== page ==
On a quiet hike in Yellowstone National Park, some lucky visitors might get to hear an amazing sound: the howl of a gray wolf.
They might even get to spot one of these beautiful animals darting across the landscape. In fact, today, the chances of seeing a wolf in some parts of this park — such as Lamar Valley — are so good that some people come just to wolf-watch.
But for most of the 20th century, it was impossible to view these animals at all inside the park. In fact, it was hard to see a gray wolf anywhere in the lower 48 states. That is because ever since settlers moved west, they feared the great gray wolf. The fact that wolves started killing livestock didn’t help either.
So, starting in the late 1800s up until the 1920s, wolves were hunted and poisoned by ranchers and predator control programs in order to protect people, livestock, and other “more desirable” wildlife species. In the end, not a single breeding pair of wolves remained in Yellowstone National Park.
When Yellowstone lost its wolves, it caused some big problems for the whole ecosystem.
Wolves are apex predators, which means they are at the top of the food web. When wolves were eliminated, it caused what scientists call a top-down trophic cascade. In other words, the whole ecosystem became unbalanced.
“Most ecosystems are best when they’re balanced,” Doug Smith, project leader for the Wolf Restoration Project in Yellowstone, said in a National Park Service Q&A. “Having a lot of different kinds of things at moderate numbers is better than having a lot of any one thing.”
Without wolves, there was a lot of one thing: elk. And biodiversity across the entire park declined as a result.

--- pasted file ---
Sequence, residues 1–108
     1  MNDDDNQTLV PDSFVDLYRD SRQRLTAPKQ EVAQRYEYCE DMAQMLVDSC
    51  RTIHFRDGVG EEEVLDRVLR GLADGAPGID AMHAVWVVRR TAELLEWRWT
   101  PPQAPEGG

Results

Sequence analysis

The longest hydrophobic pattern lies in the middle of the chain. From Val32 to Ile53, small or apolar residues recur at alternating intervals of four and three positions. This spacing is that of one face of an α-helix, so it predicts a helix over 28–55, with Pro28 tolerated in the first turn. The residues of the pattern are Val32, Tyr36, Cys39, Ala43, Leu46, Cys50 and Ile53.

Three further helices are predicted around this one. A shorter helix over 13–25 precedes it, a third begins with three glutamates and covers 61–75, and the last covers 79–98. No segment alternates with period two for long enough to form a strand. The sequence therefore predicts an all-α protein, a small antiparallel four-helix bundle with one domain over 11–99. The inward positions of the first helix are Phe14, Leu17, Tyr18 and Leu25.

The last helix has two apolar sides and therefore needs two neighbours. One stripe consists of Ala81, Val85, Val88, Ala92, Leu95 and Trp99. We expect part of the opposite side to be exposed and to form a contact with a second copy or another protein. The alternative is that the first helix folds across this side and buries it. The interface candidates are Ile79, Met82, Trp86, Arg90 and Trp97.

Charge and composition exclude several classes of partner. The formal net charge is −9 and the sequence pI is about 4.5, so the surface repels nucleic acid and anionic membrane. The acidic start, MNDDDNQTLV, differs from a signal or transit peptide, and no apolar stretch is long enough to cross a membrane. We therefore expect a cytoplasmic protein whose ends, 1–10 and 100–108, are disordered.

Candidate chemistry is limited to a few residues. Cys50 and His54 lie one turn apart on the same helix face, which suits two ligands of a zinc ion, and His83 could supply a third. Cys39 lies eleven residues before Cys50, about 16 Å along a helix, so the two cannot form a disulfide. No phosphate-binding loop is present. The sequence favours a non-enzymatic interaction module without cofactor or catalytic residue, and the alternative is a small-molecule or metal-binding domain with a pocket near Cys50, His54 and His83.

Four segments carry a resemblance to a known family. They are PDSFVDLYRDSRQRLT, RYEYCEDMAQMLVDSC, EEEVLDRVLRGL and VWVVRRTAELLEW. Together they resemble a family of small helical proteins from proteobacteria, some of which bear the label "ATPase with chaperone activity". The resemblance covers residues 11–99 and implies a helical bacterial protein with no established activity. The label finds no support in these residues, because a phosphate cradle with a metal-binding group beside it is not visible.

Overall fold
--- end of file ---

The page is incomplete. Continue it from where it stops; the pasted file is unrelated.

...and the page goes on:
Why? Because without one of their major natural predators, fewer elk were dying. Their numbers grew so much that they ended up overgrazing large areas of land, leaving them vulnerable to erosion and defoliation.
This hurt plants and other animal species. Willow and aspen trees started dying off — and that hurt the species that relied on these trees for their survival, such as the birds that use them as nesting grounds and the beavers that use the wood to build dams and survive the winter.
The numbers of rabbits and mice species fell, too, because of all the overgrazing. They simply had fewer places to hide from predators.
Everything started to change after scientists reintroduced 41 wolves into Yellowstone National Park.
From 1995 to 1997, wolves were captured in Canada and northwest Montana and transported to Yellowstone. Once there, each was radio-collared and temporarily penned so biologists could make sure they were healthy. Then they were released into the wilderness of the park.
The wolves thrived in their new home.
The newly formed packs spread out and established their territories, and the large populations of elk and deer provided them with ample prey. And because they were inside the national park, the animals were protected from hunters. So their numbers grew.
Before long, the wolves started changing Yellowstone’s ecosystem all over again, but this time for the better.